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Posts Tagged ‘delta’

A Short Summary of the Greeks

Tuesday, November 15th, 2016

Academics have developed a number of mathematical measures to get a better handle on stock option prices.  They call them the Greeks, even though some of the measures really don’t exist as Greek words, but sound they should.

Several subscribers have written to say that the Greeks totally befuddle them.  This little report is my attempt to summarize them in 100 words or less (for each Greek, that is).  I hope it might make them a little less confusing to you.

Terry

 A Short Summary of the Greeks

Delta is the number of cents an option will go up if the stock goes up by $1.00.  If you multiply the delta of an option by the number of options you own, you get a figure that represents the equivalent number of shares of stock you own.  If you own 10 options that carry a delta of 60, you own the equivalent of 600 shares of stock.  (If the stock goes up by $1, your positions will increase by $600 in value, just as if you owned 600 shares of the stock).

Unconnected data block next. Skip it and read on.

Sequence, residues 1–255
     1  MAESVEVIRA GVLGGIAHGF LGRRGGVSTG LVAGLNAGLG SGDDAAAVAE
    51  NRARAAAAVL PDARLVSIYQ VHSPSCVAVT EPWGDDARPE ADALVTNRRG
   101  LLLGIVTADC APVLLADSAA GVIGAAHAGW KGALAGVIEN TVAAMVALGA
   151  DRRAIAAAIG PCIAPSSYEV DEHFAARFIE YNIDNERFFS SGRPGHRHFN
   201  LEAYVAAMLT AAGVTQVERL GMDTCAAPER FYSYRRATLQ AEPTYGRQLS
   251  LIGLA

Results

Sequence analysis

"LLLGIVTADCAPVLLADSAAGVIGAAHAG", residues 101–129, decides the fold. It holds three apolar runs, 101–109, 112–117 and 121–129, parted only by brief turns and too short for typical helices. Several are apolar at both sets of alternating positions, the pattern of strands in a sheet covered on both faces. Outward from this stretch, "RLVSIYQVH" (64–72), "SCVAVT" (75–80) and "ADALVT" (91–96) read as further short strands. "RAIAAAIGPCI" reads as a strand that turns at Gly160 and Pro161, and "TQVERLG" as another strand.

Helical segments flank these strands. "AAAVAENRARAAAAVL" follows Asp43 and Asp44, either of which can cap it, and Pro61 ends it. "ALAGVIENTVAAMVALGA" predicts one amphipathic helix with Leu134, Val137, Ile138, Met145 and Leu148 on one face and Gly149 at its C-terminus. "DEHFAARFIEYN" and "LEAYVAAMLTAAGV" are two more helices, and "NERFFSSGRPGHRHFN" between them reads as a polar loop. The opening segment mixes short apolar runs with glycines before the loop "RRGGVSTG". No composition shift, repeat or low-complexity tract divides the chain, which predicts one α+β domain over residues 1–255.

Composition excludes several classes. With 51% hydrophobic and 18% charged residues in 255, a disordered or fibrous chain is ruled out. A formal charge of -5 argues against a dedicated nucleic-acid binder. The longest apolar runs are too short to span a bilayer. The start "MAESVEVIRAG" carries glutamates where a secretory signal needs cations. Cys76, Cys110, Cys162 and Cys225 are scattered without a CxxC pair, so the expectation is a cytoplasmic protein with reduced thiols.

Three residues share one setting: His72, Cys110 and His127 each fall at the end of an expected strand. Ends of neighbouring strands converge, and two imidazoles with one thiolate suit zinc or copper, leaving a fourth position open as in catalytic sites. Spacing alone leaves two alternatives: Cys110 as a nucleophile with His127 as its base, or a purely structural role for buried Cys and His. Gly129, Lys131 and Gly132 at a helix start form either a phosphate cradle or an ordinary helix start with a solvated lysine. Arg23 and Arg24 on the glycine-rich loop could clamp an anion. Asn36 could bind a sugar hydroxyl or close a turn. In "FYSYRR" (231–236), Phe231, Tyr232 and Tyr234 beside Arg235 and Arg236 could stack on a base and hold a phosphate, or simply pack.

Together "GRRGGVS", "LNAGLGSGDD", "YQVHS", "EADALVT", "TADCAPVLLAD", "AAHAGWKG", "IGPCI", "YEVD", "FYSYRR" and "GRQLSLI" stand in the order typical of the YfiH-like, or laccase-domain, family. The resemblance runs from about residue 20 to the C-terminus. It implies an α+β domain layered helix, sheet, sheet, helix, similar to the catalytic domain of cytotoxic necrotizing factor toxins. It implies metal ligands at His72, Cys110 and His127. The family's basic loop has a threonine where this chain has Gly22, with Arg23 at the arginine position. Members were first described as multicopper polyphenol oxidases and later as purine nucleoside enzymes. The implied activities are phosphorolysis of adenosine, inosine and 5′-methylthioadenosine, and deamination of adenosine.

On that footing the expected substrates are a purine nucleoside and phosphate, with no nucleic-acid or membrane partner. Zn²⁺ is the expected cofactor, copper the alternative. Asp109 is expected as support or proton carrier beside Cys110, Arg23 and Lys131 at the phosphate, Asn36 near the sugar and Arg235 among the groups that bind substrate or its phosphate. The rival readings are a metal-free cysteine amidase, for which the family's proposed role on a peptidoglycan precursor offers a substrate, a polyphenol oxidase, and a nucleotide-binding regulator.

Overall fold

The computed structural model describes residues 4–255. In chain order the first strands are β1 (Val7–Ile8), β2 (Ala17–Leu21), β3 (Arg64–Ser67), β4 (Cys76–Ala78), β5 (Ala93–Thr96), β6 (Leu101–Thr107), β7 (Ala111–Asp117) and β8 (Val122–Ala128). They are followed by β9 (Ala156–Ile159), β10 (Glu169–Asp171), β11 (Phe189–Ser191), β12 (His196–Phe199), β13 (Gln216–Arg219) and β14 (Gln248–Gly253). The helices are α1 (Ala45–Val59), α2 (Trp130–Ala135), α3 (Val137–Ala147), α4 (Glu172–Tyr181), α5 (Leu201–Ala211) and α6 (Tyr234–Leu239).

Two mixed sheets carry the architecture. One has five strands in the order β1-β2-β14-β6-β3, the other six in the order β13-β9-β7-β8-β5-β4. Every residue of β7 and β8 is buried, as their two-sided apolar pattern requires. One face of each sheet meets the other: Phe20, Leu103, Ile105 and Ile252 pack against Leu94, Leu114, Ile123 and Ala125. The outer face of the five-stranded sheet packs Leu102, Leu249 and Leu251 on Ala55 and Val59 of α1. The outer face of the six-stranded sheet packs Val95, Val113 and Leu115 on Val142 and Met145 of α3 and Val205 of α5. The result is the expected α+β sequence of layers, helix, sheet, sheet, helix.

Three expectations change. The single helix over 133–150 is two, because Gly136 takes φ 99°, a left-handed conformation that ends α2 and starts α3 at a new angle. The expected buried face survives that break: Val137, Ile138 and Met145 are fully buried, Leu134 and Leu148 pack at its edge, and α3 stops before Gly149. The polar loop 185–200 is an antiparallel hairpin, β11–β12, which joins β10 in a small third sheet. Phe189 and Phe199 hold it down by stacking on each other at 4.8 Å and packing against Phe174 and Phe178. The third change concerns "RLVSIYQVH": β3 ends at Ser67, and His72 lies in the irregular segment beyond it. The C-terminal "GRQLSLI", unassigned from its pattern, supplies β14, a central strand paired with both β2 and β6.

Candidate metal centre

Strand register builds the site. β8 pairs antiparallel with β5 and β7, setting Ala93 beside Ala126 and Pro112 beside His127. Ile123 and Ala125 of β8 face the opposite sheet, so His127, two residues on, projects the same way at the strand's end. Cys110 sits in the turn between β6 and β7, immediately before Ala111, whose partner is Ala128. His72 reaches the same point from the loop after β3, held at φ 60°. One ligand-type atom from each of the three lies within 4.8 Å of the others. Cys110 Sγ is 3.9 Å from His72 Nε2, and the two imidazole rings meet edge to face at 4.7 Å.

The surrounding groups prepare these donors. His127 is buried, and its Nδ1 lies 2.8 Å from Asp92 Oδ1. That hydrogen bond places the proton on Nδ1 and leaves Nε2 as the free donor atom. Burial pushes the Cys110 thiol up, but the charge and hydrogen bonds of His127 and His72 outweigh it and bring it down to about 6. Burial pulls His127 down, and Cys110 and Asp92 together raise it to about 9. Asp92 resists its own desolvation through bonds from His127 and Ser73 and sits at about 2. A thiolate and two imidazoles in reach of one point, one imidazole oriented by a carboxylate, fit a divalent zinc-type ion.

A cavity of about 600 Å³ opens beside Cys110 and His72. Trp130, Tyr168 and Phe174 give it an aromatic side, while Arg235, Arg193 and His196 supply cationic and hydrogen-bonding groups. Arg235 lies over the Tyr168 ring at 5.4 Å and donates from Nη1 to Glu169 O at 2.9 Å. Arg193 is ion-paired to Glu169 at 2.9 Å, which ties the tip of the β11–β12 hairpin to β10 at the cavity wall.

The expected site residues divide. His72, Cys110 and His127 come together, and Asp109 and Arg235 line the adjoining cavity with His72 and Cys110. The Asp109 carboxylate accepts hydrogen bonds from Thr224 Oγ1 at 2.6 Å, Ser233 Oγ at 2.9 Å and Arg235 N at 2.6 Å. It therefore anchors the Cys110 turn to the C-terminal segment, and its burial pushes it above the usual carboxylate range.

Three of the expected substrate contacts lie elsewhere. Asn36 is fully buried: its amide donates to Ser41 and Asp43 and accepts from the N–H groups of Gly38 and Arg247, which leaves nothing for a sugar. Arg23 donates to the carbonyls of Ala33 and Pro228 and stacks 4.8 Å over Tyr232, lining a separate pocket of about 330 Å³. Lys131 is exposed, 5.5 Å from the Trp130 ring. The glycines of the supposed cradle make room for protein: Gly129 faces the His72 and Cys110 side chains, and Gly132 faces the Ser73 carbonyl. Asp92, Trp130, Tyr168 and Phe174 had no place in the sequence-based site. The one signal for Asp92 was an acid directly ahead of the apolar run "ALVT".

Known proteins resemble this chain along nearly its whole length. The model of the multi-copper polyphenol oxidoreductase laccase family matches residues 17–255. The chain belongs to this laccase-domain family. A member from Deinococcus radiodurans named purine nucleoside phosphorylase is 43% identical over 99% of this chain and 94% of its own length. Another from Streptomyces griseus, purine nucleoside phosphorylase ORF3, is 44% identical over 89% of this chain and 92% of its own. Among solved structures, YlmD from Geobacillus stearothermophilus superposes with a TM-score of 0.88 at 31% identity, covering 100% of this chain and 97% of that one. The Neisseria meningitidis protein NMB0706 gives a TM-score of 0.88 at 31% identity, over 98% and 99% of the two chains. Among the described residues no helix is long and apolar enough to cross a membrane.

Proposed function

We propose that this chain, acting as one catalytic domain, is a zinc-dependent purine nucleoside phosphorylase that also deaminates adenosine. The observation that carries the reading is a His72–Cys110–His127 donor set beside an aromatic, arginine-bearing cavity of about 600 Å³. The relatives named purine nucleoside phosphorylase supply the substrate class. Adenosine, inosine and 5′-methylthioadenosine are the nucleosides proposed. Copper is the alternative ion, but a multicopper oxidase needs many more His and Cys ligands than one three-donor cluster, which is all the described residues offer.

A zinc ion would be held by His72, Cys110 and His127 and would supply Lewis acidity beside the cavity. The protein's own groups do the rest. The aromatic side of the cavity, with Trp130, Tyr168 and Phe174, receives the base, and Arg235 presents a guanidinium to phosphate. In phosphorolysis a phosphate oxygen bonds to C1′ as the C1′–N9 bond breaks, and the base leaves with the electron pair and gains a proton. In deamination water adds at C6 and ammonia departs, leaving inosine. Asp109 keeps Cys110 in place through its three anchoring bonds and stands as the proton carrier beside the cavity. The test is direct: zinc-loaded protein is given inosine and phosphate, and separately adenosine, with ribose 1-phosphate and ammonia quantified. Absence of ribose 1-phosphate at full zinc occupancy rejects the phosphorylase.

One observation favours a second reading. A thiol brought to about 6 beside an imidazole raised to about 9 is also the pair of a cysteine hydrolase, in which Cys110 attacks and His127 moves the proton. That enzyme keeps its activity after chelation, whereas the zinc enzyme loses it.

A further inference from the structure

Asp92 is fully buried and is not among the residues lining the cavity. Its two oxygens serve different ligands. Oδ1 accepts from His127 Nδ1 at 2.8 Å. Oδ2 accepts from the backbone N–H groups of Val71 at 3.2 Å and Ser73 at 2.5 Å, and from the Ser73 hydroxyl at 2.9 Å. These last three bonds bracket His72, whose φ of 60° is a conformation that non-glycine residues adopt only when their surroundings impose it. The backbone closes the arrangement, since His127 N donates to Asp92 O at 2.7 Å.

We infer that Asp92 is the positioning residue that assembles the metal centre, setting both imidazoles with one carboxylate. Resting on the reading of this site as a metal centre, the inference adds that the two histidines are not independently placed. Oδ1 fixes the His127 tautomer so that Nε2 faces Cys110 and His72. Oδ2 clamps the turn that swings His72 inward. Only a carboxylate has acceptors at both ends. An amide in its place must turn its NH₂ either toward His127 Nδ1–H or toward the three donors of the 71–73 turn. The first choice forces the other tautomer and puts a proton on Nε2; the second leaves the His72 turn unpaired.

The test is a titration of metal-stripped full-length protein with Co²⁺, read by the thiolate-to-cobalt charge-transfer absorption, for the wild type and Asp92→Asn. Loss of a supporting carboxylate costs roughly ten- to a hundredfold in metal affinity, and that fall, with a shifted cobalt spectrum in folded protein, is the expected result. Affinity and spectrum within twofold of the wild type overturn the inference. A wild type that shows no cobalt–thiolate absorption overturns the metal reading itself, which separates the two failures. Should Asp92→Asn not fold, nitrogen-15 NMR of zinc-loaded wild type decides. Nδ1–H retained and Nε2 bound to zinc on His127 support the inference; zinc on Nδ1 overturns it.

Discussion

Your Net Delta Position is the sum total of all the delta values of the options you own, less the delta values of the options you are short (i.e., sold to someone else).  The closer that your Net Delta Position is to zero, the less you will be affected by changes in the price of the stock.  Generally, your goal is to remain delta neutral (i.e., as close to zero as possible).  However, if the market is rising quickly, you want to maintain a reasonably positive net delta value rather than zero.

What is reasonable?  How far is up?  Why is a mouse when it spins? Imponderable questions, all.  (I put this paragraph here to let you know that if you think the Greeks are confusing, it could be worse.  You could really go crazy if you tried to understand some questions).